We planned our event to begin at 10:00am and continue until 1pm. Set-up was available beginning at 9am (This was an hour before the library opened). You may not think it will take a whole hour to set up, but I was surprised to see how long it did take our organizations to arrange their booths, and thankful that we began an hour before we opened. The fire department brought a fire truck, and they were able to park it in our parking lot before it filled up with patrons. I bought white plastic table cloths for all the tables for our organizations to use on their tables. I think this is one of the cheapest investments to make tables look professional. Most organizations already had table cloths, but a few did not, so it was nice to be able to provide this.

The hospital Therapy Department planned a simple obstacle course. Most kids went through it 3-6 times before they were ready to move on! Photo Credit: Anna Arms.

The event was a big success! Families loved it clearly came to spend hours out of their morning meeting with organizations and playing with all the activity stations. Here is a list of the different activity stations that organizations offered:






  • Pete the Cat cookie decorating
  • Face painting
  • Tambourine decorating
  • Musical instruments petting zoo
  • Finger printing
  • Quiet space
  • Sensory table
  • Obstacle course
  • Meet the fire truck and the firemen!
  • Meet a police officer

    Photo Credit: Anna Arms.

This was a very relaxed event because I did not have to plan everything! Also, we did not have to pay anything to plan the program, so it was also great for my Youth Services Programming budget.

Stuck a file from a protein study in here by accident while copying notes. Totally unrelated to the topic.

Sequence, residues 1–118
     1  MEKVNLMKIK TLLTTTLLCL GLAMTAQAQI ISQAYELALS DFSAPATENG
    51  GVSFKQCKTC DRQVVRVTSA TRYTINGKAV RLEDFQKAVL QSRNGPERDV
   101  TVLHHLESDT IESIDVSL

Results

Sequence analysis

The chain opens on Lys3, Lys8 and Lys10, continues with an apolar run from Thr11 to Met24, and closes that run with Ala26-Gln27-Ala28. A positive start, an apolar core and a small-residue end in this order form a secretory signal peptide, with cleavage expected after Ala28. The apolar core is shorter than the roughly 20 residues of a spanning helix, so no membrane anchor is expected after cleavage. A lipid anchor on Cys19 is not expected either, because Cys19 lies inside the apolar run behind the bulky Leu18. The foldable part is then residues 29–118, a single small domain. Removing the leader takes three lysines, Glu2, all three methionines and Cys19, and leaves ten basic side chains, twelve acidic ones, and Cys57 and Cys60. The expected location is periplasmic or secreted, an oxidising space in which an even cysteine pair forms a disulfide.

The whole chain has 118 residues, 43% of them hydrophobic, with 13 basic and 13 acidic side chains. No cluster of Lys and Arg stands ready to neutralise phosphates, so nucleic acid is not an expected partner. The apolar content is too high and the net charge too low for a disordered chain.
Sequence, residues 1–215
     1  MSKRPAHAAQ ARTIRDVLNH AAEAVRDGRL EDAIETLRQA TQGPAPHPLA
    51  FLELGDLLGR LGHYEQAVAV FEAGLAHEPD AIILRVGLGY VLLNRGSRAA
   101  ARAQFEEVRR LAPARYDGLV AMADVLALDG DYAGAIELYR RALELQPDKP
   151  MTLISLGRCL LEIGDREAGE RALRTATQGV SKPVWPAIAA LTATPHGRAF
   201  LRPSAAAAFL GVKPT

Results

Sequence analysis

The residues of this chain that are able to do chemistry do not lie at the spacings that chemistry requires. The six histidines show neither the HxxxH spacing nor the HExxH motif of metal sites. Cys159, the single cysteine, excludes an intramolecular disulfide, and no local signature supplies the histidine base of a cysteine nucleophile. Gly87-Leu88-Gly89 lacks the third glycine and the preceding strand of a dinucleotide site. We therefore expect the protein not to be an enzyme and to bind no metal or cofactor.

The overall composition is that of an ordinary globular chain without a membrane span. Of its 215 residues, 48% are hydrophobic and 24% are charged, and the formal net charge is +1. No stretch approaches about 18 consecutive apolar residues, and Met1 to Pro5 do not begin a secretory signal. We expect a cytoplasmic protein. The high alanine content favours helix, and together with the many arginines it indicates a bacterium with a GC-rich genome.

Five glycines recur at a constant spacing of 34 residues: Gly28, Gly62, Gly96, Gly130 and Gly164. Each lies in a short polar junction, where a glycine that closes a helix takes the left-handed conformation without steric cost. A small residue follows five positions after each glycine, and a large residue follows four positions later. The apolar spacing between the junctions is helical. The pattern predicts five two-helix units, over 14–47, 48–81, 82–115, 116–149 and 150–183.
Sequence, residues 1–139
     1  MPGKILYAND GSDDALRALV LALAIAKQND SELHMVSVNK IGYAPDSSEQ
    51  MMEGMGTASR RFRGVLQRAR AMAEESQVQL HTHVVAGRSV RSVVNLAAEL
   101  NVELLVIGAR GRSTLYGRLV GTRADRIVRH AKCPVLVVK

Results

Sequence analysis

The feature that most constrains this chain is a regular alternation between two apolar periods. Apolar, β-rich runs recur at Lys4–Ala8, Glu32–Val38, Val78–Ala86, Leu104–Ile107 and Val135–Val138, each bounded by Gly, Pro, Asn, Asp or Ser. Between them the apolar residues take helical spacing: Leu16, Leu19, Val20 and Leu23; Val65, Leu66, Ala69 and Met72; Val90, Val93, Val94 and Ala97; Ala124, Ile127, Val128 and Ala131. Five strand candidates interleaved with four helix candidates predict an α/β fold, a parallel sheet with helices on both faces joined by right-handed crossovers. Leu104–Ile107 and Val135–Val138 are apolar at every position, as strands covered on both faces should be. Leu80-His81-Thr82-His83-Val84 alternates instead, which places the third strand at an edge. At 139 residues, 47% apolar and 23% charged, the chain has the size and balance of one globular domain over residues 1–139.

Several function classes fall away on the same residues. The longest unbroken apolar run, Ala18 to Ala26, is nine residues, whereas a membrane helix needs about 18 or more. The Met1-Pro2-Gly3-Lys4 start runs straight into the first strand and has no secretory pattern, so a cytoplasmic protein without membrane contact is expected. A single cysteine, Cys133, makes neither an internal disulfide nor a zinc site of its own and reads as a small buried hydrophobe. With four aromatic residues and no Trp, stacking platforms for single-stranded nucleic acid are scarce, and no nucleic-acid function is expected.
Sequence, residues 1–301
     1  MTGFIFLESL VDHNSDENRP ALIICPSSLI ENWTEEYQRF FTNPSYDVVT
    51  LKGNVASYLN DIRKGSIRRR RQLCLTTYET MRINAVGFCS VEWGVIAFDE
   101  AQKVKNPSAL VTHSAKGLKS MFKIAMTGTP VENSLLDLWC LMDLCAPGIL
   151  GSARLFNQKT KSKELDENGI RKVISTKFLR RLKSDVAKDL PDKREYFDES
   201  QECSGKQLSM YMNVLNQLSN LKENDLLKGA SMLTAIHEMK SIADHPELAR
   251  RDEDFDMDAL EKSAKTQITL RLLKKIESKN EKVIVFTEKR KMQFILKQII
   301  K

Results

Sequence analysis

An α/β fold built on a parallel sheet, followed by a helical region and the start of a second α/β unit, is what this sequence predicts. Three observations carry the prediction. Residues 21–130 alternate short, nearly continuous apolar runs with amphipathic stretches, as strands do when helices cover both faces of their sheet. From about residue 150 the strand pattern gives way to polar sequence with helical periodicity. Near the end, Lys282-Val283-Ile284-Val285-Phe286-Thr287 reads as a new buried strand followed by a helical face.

We had a library table with calendars, table toppers giving dates for our Storytime and Baby/Toddler Play Times, as well as sign-up sheets for the 1,000 Books Before Kindergarten Program. Our theme was music, so I had a small bin of musical instruments with me. Kids joined me on the floor, testing out instruments and hearing the different sounds (and picking up valuable fine-motor skills along the way!).

The fire truck was very popular! Photo Credit: Anna Arms.

One of my friends is very talented in photography, and offered to come and take pictures at the event. She received verbal permission from the parents as she mingled with the crowd to take photos of them and their children for the library to use in promotions. Everyone was thrilled to have their kiddo photographed, and it made the day just that much more special. After the event, she made the photos available to save, share, and print for the families for free.

If you have any questions about this event, just let me know! It was a wonderful time, and I am already brainstorming ways to make it better next year. I would like to ask the Police Department to offer car seat checks ask part of the program, and to set up a table for the police officer to play with the kids at a free-play table with blocks so that they can talk with the kids and parents without having to prep anything.

On to planning Toddler Tech next year!


Toddler Tech Letter to Organizations 2017

Toddler Tech Confirmation 2017

Photo Credit: Anna Arms.
Photo Credit: Anna Arms.


Photo Credit: Anna Arms.
Photo Credit: Anna Arms.


Photo Credit: Anna Arms.
Photo Credit: Anna Arms.
Photo Credit: Anna Arms.
Photo Credit: Anna Arms.

April Book Display-Drop Everything and Read (D.E.A.R) Month!